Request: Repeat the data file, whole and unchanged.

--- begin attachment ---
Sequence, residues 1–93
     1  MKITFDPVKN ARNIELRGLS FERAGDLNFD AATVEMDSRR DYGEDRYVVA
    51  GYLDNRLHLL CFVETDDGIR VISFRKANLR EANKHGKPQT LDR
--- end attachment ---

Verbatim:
Sequence, residues 1–93
     1  MKITFDPVKN ARNIELRGLS FERAGDLNFD AATVEMDSRR DYGEDRYVVA
    51  GYLDNRLHLL CFVETDDGIR VISFRKANLR EANKHGKPQT LDR